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The Agency says it was all just good fun, with a healthy dose of secrecy
Last week, the AP published a report on one of the most bizarre covert U.S. plots to undermine a communist country to date. Late last week, White House speaker Jay Carney denied that the plot was covert or questionably legal, while simultaneously denying any White House involvement.
Now the U.S. Agency for International Development (USAID) has come forward to categorically deny everything in the AP story. To be specific, the agency admits that it did pretty much all of those things, but it denies that it was a covert mission. Also, ZunZumeo had a lot more users than the AP story said, thankyouverymuch.
In a blog post titled “Eight Facts About ZunZuneo,” USAID denies that the mission was covert or that it was ever meant to destabilize the political scene in Cuba. The Agency claims that the repressive Cuban government forced USAID to be “discreet,” and that the ultimate aim was to “break the ‘information blockade’ or promote ‘information sharing’ amongst Cubans.”
Because when you think of humanitarian aid, you think of things like food security, potable water, HIV/AIDS treatments, maternal and neonatal health, agriculture, family planning, and…access to social media. Because people living in extreme poverty need to tweet about Miley Cyrus, too!
The problem with USAID’s flat out denial of the fact that ZunZuneo was meant to undermine the Cuban government is that the AP didn’t just pull this information out of thin air. It quoted USAID documents that said just that—one such document said flat out that the goal was to "renegotiate the balance of power between the state and society." Another stated that the aim in Cuba was to "push it out of a stalemate through tactical and temporary initiatives, and get the transition process going again toward democratic change."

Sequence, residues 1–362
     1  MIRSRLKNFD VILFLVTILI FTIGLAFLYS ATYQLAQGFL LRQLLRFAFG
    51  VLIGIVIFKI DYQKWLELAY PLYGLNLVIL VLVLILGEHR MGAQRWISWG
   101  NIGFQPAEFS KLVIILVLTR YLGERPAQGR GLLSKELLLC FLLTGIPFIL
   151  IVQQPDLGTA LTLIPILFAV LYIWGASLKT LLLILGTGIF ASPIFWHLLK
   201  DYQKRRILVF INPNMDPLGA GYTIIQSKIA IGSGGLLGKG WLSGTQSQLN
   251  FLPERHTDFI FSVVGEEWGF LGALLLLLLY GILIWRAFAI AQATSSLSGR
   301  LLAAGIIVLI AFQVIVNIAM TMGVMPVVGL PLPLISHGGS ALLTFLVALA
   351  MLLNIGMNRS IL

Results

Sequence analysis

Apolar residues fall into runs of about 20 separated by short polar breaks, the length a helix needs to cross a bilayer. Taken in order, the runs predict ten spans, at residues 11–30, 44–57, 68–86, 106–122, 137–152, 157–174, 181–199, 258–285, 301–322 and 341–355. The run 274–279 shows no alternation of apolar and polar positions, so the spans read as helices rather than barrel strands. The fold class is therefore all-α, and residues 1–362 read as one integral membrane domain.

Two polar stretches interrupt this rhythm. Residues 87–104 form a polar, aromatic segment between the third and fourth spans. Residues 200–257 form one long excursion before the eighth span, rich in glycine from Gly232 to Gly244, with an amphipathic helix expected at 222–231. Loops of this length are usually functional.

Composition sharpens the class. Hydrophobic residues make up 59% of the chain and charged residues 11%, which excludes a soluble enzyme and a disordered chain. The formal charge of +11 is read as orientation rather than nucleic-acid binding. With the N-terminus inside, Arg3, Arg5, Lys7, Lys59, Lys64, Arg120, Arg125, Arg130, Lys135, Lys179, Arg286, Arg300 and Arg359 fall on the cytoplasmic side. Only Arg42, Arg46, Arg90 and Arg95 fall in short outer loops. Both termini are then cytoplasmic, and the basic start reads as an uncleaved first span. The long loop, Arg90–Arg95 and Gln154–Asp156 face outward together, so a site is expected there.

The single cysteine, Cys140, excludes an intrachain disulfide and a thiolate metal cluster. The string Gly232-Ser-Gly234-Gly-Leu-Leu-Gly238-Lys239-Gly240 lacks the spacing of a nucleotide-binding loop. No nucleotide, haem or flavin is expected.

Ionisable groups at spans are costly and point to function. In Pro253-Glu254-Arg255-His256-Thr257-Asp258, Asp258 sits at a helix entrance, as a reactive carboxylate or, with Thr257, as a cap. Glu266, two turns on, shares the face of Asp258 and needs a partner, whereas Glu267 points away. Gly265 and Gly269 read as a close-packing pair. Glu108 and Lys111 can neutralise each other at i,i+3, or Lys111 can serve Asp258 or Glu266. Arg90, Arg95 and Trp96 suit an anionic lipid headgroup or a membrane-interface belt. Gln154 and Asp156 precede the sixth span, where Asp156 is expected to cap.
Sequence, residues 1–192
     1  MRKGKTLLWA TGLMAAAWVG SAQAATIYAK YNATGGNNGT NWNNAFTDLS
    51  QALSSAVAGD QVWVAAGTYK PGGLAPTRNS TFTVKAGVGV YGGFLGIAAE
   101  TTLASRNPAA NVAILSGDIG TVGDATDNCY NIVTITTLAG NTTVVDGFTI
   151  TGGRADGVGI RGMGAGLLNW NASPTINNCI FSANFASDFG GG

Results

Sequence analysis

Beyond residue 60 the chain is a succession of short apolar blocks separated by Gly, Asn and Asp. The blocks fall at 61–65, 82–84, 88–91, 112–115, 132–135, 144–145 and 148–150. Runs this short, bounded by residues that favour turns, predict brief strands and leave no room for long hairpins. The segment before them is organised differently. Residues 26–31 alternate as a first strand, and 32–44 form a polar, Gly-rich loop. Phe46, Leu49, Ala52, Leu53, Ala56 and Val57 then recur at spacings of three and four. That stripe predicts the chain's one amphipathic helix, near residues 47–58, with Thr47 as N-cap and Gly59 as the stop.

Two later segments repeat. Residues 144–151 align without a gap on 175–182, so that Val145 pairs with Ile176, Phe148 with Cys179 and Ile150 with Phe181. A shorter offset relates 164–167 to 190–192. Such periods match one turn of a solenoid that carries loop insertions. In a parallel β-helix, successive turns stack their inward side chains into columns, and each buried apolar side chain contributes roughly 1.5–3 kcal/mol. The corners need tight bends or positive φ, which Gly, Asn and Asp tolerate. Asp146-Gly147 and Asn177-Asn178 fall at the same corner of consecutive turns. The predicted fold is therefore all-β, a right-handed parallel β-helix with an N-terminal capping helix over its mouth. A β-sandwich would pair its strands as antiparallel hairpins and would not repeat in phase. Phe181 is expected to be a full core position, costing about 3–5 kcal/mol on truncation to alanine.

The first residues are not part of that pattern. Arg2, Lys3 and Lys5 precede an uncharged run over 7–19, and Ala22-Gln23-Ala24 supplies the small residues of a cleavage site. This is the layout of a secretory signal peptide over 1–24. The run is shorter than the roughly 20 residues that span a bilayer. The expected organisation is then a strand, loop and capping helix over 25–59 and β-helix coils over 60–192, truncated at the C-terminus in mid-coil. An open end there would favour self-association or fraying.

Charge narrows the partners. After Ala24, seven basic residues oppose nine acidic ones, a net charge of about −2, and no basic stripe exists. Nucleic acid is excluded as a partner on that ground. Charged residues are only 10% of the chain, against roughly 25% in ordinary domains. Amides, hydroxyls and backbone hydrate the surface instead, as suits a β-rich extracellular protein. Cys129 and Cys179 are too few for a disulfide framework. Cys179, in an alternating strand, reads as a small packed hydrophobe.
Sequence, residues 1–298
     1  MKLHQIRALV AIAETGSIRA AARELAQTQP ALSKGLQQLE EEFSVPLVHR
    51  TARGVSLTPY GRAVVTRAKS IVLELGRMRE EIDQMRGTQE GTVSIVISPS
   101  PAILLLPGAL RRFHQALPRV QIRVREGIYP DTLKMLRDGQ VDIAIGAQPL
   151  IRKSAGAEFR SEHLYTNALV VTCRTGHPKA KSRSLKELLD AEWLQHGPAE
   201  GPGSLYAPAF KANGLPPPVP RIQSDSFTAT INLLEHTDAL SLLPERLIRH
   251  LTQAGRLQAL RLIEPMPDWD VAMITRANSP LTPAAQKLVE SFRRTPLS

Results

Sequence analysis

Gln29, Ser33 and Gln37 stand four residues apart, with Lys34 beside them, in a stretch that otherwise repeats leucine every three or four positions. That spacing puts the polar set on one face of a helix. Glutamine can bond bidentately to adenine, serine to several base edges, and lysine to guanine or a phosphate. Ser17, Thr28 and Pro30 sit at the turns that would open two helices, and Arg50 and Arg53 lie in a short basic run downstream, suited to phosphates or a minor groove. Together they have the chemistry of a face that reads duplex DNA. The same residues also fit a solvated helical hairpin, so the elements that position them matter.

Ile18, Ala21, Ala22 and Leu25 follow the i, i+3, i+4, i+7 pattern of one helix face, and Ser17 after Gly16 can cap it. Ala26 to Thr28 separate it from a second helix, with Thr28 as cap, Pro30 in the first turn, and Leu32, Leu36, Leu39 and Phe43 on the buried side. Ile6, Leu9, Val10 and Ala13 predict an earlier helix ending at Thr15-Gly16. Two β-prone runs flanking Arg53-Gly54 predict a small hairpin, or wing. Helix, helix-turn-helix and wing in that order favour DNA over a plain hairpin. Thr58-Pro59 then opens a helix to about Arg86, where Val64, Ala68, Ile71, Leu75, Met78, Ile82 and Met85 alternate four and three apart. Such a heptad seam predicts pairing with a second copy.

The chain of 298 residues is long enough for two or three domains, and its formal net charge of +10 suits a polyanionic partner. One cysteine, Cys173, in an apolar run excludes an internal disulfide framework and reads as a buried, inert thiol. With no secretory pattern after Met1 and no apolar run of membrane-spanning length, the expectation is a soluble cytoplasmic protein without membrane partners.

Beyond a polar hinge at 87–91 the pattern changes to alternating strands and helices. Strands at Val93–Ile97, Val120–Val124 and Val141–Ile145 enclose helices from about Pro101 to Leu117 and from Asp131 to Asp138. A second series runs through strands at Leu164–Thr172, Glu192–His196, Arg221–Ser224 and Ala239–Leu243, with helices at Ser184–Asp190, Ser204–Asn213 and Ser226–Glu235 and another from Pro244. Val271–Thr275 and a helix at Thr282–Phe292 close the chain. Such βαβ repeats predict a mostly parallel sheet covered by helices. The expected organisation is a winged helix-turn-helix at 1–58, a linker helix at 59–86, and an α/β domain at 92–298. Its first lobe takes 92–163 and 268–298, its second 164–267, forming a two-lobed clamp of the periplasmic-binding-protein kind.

USAID claims that the AP was pulling snippets of information out of context from case study research and brainstorming notes. So next time I’m in an airport, I can totally be like, “just thinking out loud here, but let’s say that I DO have an explosive device in my bag. Theoretically, the explosive device would detonate in midair and bring down the plane. Just spitballing! I absolutely do not have an explosive device in my bag, and if I did, it would not be there with the express purpose of bringing down the plane.”
A statement from USAID reads:
“The documents do not represent the U.S. government’s position or reflect the spirit or actions taken as part of the program in Cuba. The project initially sent news, sports scores, weather, and trivia. After which, the grantee did not direct content because users were generating it on their own.”
The Agency similarly denied that it was gathering data on users to determine their political receptiveness, even though the AP quoted from a USAID document that categorized Cuban users by age, gender, “receptiveness,” and “political tendencies”—demographics that the Agency believed could "maximize our possibilities to extend our reach."
The USAID blog post also points out that at its peak, ZunZuneo had 68,000 users, not 40,000 as the AP incorrectly cited. In other words, the program didn’t fail because USAID couldn’t handle a few thousand users. There were actually a lot more users than you all thought! And keeping tabs on all of them is hard.
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